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Two teachers charged in lewd acts
LOS ANGELES — Children returned Thursday to an elementary school where the entire staff was replaced after the arrests of two former teachers on charges of committing lewd acts with students in class.
Hundreds of students streamed through the front doors under the eyes of school police and some 100 protesters, who opposed the disruption of removing everyone from the principal to the custodian for the rest of the school year.
The protesters, who included parents and students at Miramonte Elementary School, held signs bashing the Los Angeles Unified School District, proclaiming "Give us our teachers back," and "LAUSD Shame on You." "No new teachers," children chanted.
"It's kind of hard," said Lorena Soriano, whose sixth-grader attends Miramonte. "You barely know your teacher, and they're gone. The kids don't know what's going on."
The school held an assembly for parents to meet the new principal, but some parents emerged dissatisfied, saying the district went overboard in removing all teachers.
The case of a third-grade teacher accused of feeding children his semen during bizarre tasting games in his classroom over a five-year period has sparked outrage and roiled the nation's second-largest school district.
In an unprecedented move, the district closed the school on Tuesday and Wednesday to completely replace the 120-member staff.
Superintendent John Deasy said the move was necessary to restore trust among parents in the largely poor, Hispanic neighborhood of unincorporated Los Angeles County. He said he will decide whether any of the previous staff will return to Miramonte after the district completes its investigation.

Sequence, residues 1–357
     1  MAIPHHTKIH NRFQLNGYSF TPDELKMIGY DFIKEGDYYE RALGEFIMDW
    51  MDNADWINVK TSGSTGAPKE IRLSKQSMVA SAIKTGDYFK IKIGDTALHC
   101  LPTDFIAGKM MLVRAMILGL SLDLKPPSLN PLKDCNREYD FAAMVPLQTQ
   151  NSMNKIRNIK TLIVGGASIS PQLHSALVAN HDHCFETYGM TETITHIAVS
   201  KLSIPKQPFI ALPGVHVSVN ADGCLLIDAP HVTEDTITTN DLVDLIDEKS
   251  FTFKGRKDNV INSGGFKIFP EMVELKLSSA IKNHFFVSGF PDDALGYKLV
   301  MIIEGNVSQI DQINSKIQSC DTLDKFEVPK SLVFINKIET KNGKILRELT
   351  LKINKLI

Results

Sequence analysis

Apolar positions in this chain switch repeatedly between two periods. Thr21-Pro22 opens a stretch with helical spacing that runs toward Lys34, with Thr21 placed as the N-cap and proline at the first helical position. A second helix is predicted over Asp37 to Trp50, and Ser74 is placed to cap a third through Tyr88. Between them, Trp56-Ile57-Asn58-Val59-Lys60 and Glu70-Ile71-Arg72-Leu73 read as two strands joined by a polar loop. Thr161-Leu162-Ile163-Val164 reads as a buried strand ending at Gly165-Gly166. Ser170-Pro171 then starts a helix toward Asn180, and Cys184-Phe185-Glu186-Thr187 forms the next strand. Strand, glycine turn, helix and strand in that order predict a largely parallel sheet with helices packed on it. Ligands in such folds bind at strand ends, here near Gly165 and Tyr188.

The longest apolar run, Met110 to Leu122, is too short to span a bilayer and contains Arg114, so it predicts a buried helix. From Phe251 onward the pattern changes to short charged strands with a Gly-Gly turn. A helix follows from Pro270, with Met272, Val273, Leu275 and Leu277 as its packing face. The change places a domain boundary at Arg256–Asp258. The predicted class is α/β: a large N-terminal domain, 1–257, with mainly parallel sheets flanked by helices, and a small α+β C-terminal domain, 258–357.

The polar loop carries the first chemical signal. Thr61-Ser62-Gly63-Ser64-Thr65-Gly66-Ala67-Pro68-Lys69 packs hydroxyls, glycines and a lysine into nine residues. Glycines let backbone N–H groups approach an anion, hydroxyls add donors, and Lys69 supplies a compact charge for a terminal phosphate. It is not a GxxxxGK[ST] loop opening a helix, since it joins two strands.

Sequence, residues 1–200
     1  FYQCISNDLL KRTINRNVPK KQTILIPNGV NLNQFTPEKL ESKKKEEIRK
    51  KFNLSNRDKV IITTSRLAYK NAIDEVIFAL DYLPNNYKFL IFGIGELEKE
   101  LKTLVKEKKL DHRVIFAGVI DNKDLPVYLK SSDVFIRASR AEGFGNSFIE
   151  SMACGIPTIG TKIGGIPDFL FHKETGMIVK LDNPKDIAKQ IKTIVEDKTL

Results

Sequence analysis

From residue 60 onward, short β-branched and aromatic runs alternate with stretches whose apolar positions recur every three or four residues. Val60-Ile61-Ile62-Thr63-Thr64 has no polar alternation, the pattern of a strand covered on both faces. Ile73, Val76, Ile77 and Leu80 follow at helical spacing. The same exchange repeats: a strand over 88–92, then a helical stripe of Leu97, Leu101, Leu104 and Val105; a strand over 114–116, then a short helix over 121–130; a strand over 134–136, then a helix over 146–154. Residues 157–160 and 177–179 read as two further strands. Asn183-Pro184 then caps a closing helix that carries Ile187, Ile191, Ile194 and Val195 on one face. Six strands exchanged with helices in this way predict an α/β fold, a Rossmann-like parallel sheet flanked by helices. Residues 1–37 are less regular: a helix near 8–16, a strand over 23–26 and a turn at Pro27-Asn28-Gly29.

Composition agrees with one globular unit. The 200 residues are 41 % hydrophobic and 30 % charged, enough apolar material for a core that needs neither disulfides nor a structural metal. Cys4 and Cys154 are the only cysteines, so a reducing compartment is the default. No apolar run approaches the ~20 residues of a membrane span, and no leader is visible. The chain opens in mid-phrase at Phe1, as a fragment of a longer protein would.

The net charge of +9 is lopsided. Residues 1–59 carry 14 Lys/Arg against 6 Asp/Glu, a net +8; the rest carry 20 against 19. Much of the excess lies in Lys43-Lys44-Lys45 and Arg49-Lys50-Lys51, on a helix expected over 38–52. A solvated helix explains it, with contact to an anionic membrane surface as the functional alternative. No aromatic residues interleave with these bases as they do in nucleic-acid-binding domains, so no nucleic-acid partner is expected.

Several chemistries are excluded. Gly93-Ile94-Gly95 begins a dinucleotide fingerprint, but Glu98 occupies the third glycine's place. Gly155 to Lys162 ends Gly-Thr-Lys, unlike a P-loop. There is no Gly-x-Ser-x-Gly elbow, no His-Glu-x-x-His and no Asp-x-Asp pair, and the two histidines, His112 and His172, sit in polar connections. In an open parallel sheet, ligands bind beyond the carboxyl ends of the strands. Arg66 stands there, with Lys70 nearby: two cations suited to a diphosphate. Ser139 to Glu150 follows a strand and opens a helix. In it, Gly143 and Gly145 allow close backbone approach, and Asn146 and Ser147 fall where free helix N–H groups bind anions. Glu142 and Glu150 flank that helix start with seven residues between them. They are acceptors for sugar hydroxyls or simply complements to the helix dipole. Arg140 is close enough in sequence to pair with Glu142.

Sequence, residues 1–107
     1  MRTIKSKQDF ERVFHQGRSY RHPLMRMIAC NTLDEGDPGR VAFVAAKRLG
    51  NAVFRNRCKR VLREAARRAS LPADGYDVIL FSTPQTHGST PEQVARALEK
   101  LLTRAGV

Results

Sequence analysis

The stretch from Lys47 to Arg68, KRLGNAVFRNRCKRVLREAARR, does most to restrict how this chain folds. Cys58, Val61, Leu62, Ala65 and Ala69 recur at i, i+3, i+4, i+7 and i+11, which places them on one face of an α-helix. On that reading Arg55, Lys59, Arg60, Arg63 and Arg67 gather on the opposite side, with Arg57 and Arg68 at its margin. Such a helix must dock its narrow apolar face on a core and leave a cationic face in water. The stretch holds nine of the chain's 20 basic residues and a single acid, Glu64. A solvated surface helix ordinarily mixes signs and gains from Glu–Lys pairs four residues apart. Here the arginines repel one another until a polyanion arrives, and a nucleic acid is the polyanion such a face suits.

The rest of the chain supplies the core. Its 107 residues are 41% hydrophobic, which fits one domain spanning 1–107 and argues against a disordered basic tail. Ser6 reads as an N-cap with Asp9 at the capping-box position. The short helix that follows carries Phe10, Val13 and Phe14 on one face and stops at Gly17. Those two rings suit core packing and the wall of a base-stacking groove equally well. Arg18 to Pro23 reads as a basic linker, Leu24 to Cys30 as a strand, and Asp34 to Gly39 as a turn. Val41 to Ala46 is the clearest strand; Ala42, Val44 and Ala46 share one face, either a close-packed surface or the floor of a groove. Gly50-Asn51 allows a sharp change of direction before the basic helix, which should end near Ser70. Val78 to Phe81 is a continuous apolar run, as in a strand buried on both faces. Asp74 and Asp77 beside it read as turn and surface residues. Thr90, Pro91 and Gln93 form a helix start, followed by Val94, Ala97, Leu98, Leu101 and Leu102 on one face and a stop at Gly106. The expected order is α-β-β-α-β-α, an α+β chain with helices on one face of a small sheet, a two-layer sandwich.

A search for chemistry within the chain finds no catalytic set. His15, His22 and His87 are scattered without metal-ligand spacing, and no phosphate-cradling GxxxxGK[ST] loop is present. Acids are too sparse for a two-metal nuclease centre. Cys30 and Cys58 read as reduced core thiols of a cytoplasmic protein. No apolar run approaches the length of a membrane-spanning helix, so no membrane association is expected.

The president of United Teachers Los Angeles, the teachers union, said grievances will be filed against the district.
Warren Fletcher told a news conference that some 85 teachers received a notice of administrative transfer on Wednesday.
The notice states that the transfer effective Monday is to a nearby unfinished high school, where the district has said the teachers will be housed and paid while the investigation is ongoing.
The teachers were being "tarred and stigmatized for no reason," Mr. Fletcher said.
He said the district told him none of the teachers will return to Miramonte permanently, but Mr. Deasy said that is not true.
The new staff includes a retired principal, 81 teachers and dozens of support staff who were recently laid off and were on a rehiring list.
The new hires alone will cost the cash-strapped district $5.7 million, said district spokesman Thomas Waldman. There will be a counselor in each classroom for the rest of the school year.
Although the teachers will be new, Miramonte students will find little else changed, Mr. Deasy told KNX Radio.
"They are coming right back to their desks, their work is already on the wall," he said. "What we are doing today is providing students with an opportunity to talk about what has happened."
In addition to those costs, the district faces potentially millions of dollars in legal costs as lawsuits are filed. Families of at least two dozen Miramonte students have retained lawyers so far.
The school's reopening follows revelations Wednesday that 200 more inappropriate photos of children were discovered, and that one teacher sent warmly written birthday cards and presents to students who participated in his games.
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